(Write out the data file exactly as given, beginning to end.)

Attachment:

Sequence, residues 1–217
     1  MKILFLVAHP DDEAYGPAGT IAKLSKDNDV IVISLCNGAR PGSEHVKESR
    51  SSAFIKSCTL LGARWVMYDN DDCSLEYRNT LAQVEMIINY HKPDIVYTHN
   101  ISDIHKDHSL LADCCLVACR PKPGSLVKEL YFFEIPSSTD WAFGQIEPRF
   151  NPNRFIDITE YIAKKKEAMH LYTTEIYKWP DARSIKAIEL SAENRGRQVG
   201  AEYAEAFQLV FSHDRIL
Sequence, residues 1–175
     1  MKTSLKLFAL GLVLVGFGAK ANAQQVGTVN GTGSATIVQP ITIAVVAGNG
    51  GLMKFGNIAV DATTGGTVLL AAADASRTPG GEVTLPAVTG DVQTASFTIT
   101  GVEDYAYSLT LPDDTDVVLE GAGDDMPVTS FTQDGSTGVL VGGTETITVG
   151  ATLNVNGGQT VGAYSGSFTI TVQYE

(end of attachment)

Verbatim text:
Sequence, residues 1–217
     1  MKILFLVAHP DDEAYGPAGT IAKLSKDNDV IVISLCNGAR PGSEHVKESR
    51  SSAFIKSCTL LGARWVMYDN DDCSLEYRNT LAQVEMIINY HKPDIVYTHN
   101  ISDIHKDHSL LADCCLVACR PKPGSLVKEL YFFEIPSSTD WAFGQIEPRF
   151  NPNRFIDITE YIAKKKEAMH LYTTEIYKWP DARSIKAIEL SAENRGRQVG
   201  AEYAEAFQLV FSHDRIL
Sequence, residues 1–175
     1  MKTSLKLFAL GLVLVGFGAK ANAQQVGTVN GTGSATIVQP ITIAVVAGNG
    51  GLMKFGNIAV DATTGGTVLL AAADASRTPG GEVTLPAVTG DVQTASFTIT
   101  GVEDYAYSLT LPDDTDVVLE GAGDDMPVTS FTQDGSTGVL VGGTETITVG
   151  ATLNVNGGQT VGAYSGSFTI TVQYE